As you watch (listen to?) the Apple rumor mill churn, it becomes clear that a lot of the rumors are premature. Apple usually doing the things that suppliers and unnamed insiders point out, but it can take awhile for things to get to market. Sometimes they change along the way, too (a big company like Apple will try a lot of options and abandon many as a matter of course). For example, we haven’t yet seen an AMOLED screen on an iPhone. Is Apple working on one? I think they must be (it’s the future). But there are reasons why they haven’t launched yet (cost, performance, reliability, etc).

    The same is true for Apple TV. What could be holding up the show? I think it’s almost a given that they have to have great content to make it a revolutionary product, and I think it’s also a given that the people who own and distribute the content are hard to deal with and probably scared to death of Apple being a part of their business (more than it is already with iTunes downloads).

    Apple TV is coming. It’s disappointing that it’s not here yet, but I wouldn’t call it a missed opportunity. No one has cracked this thing yet. There were Wintel tablets years before the iPad, but that didn’t matter. Remember when people joking that the iPad would be called the iSlate, as in “isLate”? Turns out, they were right on time.

    1. Matt–I’d wager that the reason we haven’t seen AMOLED on any Apple product is mainly a question of supply+price (via Samsung). Samsung hasn’t put that product into all of its devices (only the high-end models) because they don’t have the capacity to ramp up which of course lowers price. The next couple of years sees more factories coming online to increase AMOLED output, at which point I think we’ll finally see that iPhone w/ AMOLED. My $.02 of course.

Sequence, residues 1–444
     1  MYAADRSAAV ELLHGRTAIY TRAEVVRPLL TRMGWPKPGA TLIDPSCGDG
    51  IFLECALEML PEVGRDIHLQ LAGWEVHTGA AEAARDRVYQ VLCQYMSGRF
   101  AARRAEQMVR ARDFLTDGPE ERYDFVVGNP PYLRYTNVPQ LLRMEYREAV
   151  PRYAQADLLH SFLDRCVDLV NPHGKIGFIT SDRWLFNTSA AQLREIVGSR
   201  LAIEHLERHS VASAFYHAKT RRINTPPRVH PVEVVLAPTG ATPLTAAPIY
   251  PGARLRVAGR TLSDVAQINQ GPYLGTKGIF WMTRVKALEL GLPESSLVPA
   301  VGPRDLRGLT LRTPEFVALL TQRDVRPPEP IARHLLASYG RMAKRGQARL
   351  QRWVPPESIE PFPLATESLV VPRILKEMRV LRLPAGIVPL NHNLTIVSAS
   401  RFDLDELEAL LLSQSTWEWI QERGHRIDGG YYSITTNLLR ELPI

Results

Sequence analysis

4. I think people expected too much, or it could be the effect of not having Steve Jobs?

  5. googletv def is a step up over appletv imo. we can atleast sideload apps that aren’t googletv compatible. now if they work or not, thats hit or miss.

    i personally think appletv needs to add back in a real storage medium, ie a 1TB hard drive and allow us to store media directly on it and then use the itunes remote app to control it from an iphone, ipad or android device. i have a headless pc setup to do this w/itunes but really would love to shrink down the setup. lastly, isn’t an integrated Apple iHDTV coming soon? :)

  6. I’m guessing that a lot of the functionality you’re looking for is being saved for the so-called iTV.

    I’m a bit disappointed too. I was all set to order a new Apple TV but if the only thing I’m gaining is 1080p capability then I won’t bother, at least not for now.

  7. Everything listed here can be done in software, but there was no point in waiting to release a 1080p hardware version

  8. Reblogged this on Qwinten.com Min medie Blog and commented:
    Apple udnyttede ikke mulighen for at indfri forbugernes forventninger til Appletv3.

    1. Having seen the new Apple TV interface, it seems like yesterday would have been the perfect opportunity to update the remote app to basically AirPlay the Apple Tv menu to the iPad to give you touch control of your TV in your lap. With the iPad now matching your TV’s1080p, they could say they are bringing the Tv to your lap. But they didn’t.

      I still see the key to the living room being a $99 accessory rather than another $3,000 TV

  9. Someone has to clue me in as to why a integrated AppleTV would be better than having the box? With the ATV in the current box form, I can then purchase the size and function of the television I want. The ATV could be any form given the way that storage is getting smaller physically but larger in capacity. One HDMI cable connects the whole thing. Give me the option to add an additional storage unit and I am happy.

  10. This is the key sentence – the rest is just whining, sorry: “But for now I can’t shake the feeling that this $99 box has so much potential, that is still completely untapped.”

    My thoughts on Apple TV from January:
    http://scottsscripts.wordpress.com/2012/01/03/thoughts-on-itv/

Comments have been disabled for this post